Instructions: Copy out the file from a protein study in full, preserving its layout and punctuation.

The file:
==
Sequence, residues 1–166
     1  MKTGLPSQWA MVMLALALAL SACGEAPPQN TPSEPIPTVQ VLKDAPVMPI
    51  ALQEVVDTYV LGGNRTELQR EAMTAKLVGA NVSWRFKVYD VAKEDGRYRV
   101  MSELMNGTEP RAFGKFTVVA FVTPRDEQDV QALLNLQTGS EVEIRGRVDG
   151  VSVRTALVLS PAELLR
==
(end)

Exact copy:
Sequence, residues 1–166
     1  MKTGLPSQWA MVMLALALAL SACGEAPPQN TPSEPIPTVQ VLKDAPVMPI
    51  ALQEVVDTYV LGGNRTELQR EAMTAKLVGA NVSWRFKVYD VAKEDGRYRV
   101  MSELMNGTEP RAFGKFTVVA FVTPRDEQDV QALLNLQTGS EVEIRGRVDG
   151  VSVRTALVLS PAELLR